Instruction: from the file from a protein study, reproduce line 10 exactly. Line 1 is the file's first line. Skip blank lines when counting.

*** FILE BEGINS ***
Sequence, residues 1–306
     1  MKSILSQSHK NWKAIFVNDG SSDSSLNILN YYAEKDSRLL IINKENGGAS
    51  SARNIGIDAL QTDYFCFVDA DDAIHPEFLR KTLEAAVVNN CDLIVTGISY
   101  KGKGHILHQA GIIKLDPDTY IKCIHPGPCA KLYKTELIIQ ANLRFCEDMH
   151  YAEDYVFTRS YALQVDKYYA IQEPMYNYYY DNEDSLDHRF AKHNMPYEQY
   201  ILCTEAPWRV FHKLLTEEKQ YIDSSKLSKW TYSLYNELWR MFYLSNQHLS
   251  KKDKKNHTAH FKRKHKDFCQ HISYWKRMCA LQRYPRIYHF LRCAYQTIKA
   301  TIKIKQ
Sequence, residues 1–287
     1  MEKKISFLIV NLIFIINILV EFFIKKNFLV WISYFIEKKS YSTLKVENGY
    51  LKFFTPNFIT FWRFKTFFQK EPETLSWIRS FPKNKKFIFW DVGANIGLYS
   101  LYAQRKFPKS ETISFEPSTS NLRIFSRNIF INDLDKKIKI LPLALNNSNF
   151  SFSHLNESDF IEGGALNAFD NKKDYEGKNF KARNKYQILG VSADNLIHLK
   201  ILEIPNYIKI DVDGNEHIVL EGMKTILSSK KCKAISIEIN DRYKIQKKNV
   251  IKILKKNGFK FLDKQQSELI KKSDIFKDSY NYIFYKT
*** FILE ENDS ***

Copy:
     1  MEKKISFLIV NLIFIINILV EFFIKKNFLV WISYFIEKKS YSTLKVENGY